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Annotation: While Jenn is seeking Prudence, her big, sleek and shiny, black and white dog, she meets and falls in love with Roscoe, a scruffy little golden dog.
Catalog Number: #168498
Format: Publisher's Hardcover
All Formats: Search
Copyright Date: 2018
Edition Date: 2018
Illustrator: Day, Larry,
Pages: 48
Availability: Available
ISBN: 1-534-41006-6
ISBN 13: 978-1-534-41006-0
Dewey: E
LCCN: 2017061219
Dimensions: 29 cm.
Language: English
Reviews:
ALA Booklist
As a girl looks out of her upstairs window, she sees a bedraggled brown dog slogging through puddles in the alley. She jumps into action, carries him into the house, and provides him with a bowl of food and a soft bed. In one energetic two-page spread, the girl attempts puppy training: fetch, sit, and roll over (which results in panels of humorous play). When she sees a poster claiming that this very pup is actually someone else's dog, she is devastated but does the right thing, returning him to his owner. A happy ending comes when she sees a forlorn and hopeful boxer in the Humane Society shelter window. Pen-and-ink, watercolor, and gouache make the illustrations pop against the expansive white pages. The limited text and realistic pictures make this an easy tale for small children to follow. Expressive faces on the dog and child are full of emotion ewers will see the thought process happening, and feel the love passing between the two companions.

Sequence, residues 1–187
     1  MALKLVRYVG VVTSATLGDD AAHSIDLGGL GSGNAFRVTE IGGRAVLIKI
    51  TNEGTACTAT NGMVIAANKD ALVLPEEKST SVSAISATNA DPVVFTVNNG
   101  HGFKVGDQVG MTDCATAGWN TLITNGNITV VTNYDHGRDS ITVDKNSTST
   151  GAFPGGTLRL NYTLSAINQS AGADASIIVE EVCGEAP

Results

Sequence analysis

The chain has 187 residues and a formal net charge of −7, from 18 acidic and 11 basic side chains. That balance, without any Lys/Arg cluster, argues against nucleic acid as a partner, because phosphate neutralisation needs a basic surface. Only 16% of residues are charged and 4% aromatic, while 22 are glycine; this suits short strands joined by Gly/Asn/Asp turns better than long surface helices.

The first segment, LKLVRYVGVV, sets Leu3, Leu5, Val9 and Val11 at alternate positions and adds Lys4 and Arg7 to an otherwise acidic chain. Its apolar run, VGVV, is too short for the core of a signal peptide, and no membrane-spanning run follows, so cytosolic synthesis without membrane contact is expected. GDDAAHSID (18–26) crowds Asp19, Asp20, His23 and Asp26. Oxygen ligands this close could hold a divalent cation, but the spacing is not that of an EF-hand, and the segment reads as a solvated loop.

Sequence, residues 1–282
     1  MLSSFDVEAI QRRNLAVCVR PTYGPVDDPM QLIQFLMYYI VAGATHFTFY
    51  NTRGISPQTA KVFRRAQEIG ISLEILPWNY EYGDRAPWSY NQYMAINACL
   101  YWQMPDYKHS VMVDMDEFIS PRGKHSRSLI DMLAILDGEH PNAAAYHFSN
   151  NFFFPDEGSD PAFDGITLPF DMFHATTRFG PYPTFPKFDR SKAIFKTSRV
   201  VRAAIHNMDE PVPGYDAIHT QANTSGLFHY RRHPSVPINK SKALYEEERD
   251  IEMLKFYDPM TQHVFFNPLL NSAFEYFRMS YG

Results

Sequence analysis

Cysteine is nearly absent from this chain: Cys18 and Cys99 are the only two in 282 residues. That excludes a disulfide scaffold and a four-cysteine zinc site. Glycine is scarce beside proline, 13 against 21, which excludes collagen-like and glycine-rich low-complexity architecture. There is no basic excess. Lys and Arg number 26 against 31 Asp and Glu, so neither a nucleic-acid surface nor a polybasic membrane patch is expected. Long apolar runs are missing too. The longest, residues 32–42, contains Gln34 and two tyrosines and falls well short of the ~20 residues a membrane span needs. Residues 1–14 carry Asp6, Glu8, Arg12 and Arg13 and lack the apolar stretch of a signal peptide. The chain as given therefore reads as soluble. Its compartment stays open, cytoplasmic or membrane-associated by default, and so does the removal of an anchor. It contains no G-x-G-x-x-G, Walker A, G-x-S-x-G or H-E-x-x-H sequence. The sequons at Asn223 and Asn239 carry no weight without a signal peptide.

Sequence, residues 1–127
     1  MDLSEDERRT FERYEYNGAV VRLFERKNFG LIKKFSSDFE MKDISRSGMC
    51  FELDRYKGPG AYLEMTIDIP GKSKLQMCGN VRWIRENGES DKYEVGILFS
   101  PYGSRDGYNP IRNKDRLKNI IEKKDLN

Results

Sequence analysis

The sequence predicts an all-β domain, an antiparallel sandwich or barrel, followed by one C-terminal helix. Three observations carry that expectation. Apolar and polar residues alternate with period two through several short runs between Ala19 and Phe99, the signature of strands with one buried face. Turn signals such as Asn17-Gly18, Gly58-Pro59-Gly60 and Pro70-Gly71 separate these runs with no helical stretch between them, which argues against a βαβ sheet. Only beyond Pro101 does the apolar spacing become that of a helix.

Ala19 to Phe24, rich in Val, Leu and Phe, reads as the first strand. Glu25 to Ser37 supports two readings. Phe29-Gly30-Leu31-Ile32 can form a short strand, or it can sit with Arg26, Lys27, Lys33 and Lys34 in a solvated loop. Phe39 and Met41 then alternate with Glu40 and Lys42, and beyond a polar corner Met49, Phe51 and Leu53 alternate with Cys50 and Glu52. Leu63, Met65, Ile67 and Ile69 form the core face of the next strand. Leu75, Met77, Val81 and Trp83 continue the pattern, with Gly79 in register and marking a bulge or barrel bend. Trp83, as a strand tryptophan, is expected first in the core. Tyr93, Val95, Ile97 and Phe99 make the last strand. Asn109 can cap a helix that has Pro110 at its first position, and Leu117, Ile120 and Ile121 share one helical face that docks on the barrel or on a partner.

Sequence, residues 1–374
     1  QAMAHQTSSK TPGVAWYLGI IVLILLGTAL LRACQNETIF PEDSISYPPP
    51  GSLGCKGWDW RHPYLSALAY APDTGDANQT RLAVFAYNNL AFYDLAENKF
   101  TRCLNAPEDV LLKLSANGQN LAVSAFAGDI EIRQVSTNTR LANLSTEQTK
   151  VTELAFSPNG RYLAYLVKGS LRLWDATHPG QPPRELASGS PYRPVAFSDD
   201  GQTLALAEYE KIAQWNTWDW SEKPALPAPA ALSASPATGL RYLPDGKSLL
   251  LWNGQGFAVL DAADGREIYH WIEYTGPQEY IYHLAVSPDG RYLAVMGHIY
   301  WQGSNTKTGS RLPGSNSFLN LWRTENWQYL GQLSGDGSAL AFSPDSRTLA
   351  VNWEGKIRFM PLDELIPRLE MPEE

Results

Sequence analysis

Publishers Weekly
In this wordless tale about a child who learns to love a new dog, a girl gazes out her apartment window on a rainy day and spots something below. A page turn reveals what she sees: a puppy wading miserably through a puddle. As the girl brings it inside, she pauses to gaze at a bedside photo that shows her hugging another dog; a -Missing- poster on her bulletin board reveals that dog-s destiny. Despite a tough moment when the new hound takes up her lost dog-s red ball, she shares an existing dog bed and food dish with the newcomer-only to find, on a trip to the pet shop, that this pup is -Missing,- too. The girl not only allows herself to love but also understands that her love isn-t as important as what this pup needs most. The pair-s all-too-brief idyll is gently and memorably drawn, and the girl-s independence in a big city-there are no parents in sight-allows focus on her interior journey and genuinely noble decision. Ages 4-8. (Nov.)
School Library Journal Starred Review